Quite some years ago, when my mother was elderly but not as elderly as she would become, she attended the funeral of a dear friend right here at St Al’s. Afterward, she remarked to the young priest who had presided what a lovely service it had been, how all its details had so thoughtfully reflected the wishes of the departed. In response, the young priest made the mistake of asking my mother whether she had made her own, y’know, plans. “No!” my mother responded. And then the padre made the further mistake of saying, “you should get on that. You don’t want to burden your children.” To which my mother shot right back, “Oh yes I do, Father! And why not? My children have been burdens to me all their lives.”
Guilty as charged! But were that we could all bear burdens so beautifully. As any child of Elizabeth Julia Veronica Murphy Durkin can tell you, she bore her seven burdens as trees bear fruit, as the kings bore gifts, as Shakespeare bears quoting, as great stories bear retelling.
My mother’s was a great story. As a girl, she – a child of the Depression – had no phone and no car, and used to help her father sift coal in the cellar. As a woman, she routinely dazzled prelates, pooh-bahs and politicians. I can’t begin to tell that story here.
What I am moved to try and do, though, is to mark the passing not only of my mother, but of a kind of mother. My mother emphatically believed that women should have the chance to run the world and everything in it. But she grew up at a time when most women did not have that chance, so even the smartest, hardest-working and most ambitious had to make their home their world, and be content with dominion over only the humans they made themselves. In the wrong circumstances, of course, the concentration of such vast personal force into so few hearts and minds could be toxic. But in the right circumstances – in our circumstances -- it was magic.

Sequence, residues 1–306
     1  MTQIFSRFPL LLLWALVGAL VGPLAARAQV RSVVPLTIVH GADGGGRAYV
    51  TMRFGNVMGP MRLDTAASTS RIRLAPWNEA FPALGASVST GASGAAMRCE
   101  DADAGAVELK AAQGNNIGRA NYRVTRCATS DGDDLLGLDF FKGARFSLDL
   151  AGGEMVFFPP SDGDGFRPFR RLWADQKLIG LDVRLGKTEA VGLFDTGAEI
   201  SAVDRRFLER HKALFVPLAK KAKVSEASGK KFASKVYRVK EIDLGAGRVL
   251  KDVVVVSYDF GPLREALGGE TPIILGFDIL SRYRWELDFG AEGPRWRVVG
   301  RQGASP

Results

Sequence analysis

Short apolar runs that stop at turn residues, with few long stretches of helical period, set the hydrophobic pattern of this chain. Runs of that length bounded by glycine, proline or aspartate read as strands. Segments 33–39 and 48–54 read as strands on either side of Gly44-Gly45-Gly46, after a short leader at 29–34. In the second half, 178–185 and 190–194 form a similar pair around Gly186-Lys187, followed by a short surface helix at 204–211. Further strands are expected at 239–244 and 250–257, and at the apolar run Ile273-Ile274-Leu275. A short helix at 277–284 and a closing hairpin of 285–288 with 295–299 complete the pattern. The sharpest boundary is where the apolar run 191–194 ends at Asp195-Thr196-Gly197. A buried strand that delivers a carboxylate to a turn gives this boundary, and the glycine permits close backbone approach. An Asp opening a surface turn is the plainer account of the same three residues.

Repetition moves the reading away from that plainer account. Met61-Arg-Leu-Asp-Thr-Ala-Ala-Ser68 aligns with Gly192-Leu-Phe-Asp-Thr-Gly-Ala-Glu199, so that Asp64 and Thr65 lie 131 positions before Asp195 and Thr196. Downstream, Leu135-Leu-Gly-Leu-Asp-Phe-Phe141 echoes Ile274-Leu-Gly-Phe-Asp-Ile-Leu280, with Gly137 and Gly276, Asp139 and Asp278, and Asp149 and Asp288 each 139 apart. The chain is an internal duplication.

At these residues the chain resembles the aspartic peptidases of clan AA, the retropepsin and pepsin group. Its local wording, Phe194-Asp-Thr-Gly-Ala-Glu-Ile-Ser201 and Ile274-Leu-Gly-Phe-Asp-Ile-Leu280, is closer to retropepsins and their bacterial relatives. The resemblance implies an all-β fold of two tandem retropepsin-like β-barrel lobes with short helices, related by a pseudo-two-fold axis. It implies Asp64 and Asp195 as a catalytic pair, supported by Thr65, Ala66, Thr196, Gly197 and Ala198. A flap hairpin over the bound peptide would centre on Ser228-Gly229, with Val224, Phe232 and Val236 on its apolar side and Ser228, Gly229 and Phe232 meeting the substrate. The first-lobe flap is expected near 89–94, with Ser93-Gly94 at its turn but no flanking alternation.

To be mothered by our mother was magic. All her brilliance, her wit, her yearning, her dreaming, her moral sense, her aesthetic sense, her optimism, her romanticism, her originality, her creativity, her infinite variety….yes, it went into her college education, which she completed, with high honors, at age 54. Yes, it went into her businesses, her legendary entertaining, her travels. But mostly, all of that – all of her -- went into us.
It went, of course, into our magnificent, much-missed father too, and in light of their almost-65 years of marriage, it seems preposterous to contemplate her life without major reference to his. In 1949, Betty Murphy pledged to love Tom Durkin until death did them part, but we all know she didn’t stop then, or ever. But Mickey has Booper now, and we don’t. So he is going have to forgive me for skipping over the myriad ways in which, as he often remarked, “no man ever had a better wife,” as I touch upon just one of the ways in which no child ever had a better mother.